President Joe Biden was huddling with aides in the Oval Office in late April, preparing for a Zoom tour of Proterra, an electric bus and battery plant in Greenville, South Carolina. The company does the kind of eco-friendly manufacturing that Biden hopes will balloon if Congress passes his $2 trillion infrastructure proposal, which includes nearly $80 billion in federal investment in these types of clean energy jobs. Biden was blunt about the larger goal. “This is how we show people that the government has a role to play,” he said before getting on the call.
That vision of government has been at the heart of Biden’s first 100 days in office. He has pumped nearly $1.9 trillion into the economy, more than any other President at this point in a first term, through a stimulus bill that offers everything from unemployment insurance and rental assistance to vaccine distribution and healthcare subsidies. Biden has laid out plans for another $2 trillion to create millions of jobs by fixing the country’s sagging infrastructure, and invest in clean energy jobs like the ones at Proterra, and plans to lay out an estimated $1.8 trillion this week focusing on education and paid leave. In total, Biden’s multi-trillion dollar spending splurge would be the biggest federal investment in the middle and lower classes since President Lyndon B. Johnson’s Great Society, with the potential to alter the country for generations.
It’s a deeply progressive agenda put forth by a man who was a middle-of-the-road Democrat for most of his career. “I really kind of thought he would be much more of a traditionalist,” says Representative Jim Clyburn, the House Majority Whip, “though I am very pleased and excited.” So how is the one-time deficit hawk who supported Ronald Reagan’s tax cuts now drawing comparisons to presidents like Franklin Delano Roosevelt and Lyndon B. Johnson?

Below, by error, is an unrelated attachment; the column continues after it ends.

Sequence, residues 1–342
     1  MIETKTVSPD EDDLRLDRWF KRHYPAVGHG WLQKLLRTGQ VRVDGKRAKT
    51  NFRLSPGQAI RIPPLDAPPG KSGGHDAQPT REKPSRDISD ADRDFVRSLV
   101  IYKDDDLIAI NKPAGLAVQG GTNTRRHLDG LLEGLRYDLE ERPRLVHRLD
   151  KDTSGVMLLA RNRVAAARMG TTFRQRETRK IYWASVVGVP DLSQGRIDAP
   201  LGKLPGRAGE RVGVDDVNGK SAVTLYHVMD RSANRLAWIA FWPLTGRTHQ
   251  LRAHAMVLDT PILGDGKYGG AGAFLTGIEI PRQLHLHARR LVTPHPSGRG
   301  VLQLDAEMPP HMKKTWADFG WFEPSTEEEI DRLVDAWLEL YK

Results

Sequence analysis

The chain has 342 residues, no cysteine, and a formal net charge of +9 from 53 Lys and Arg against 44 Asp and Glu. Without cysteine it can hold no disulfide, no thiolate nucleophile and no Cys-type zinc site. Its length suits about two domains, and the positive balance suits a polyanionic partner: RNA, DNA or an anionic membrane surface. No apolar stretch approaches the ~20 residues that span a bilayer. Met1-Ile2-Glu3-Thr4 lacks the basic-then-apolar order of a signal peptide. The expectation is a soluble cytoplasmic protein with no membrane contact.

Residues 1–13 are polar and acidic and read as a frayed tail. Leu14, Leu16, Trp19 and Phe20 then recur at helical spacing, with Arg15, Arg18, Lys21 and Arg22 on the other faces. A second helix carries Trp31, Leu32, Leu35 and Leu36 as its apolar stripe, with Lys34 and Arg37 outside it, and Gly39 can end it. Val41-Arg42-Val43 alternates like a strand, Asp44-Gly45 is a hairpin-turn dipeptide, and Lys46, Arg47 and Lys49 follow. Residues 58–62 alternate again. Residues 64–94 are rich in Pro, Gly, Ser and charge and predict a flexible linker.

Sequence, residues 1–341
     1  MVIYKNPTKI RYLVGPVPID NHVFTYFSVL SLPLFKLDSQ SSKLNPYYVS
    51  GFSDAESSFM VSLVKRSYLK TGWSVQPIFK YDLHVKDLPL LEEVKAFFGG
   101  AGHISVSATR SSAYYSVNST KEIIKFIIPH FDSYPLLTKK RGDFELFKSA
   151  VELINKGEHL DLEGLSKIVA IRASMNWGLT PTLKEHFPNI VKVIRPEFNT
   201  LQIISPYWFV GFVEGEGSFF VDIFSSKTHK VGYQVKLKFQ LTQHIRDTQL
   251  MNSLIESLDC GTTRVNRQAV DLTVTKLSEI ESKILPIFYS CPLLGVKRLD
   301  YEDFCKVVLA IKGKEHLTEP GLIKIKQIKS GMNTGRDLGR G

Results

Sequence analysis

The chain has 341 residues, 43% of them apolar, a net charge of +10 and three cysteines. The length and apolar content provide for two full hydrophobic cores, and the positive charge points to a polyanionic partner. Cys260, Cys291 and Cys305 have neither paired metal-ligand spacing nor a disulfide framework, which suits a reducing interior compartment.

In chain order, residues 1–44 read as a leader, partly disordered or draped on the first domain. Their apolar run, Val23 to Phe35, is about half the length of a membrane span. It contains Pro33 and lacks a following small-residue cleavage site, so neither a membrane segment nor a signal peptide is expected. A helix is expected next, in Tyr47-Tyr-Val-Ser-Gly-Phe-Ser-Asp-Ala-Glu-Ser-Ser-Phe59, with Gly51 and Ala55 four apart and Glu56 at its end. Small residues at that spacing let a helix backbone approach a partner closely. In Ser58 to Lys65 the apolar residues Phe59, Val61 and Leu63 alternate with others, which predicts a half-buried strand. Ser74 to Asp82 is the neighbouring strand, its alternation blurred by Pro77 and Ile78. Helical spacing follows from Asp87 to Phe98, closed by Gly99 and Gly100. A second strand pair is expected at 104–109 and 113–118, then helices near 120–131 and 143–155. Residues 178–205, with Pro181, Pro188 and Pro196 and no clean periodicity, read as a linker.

Biden is making a $5 trillion bet. The president has calculated, aides and allies say, that the twin shocks of the last four years—President Donald Trump’s gutting of the federal government and the historic pandemic—have created a once-in a career opportunity. By embracing a pre-Reagan vision of expansive government that delivers for a hurting nation, he hopes to capitalize on the post-Trump political moment. “People just see a much, much bigger role for the government,” says Celinda Lake, a Democratic pollster who advised Biden’s campaign. “It’s comparable to the Great Depression and World War II, where there were massive emergencies that affected everyone, and people were very, very responsive to a major [government] role.”
So far, Biden’s bet seems to be paying off. His approval rating has hovered in the mid-50s, according to Gallup, which trails many of his predecessors but is a strong mark in this polarized political climate. (Trump never cracked 50%.) Some 64% approve of his coronavirus response, and 46% of Americans say the country is headed in the right direction, according to a Monmouth University poll released April 14, the highest number in eight years.
But even Biden’s allies acknowledge that goodwill is tenuous. The country remains deeply divided. Biden has a narrow, fragile majority in Congress, and holding together progressives and moderates in his party is already proving hard. Republicans are eager to make it harder, seizing on crises like the surge of migrant children at the southern border, to attack him and dampen his approval ratings. With midterms 18 months away, and the Democrats facing challenges on multiple fronts, Biden has little time to get his ambitious agenda enacted.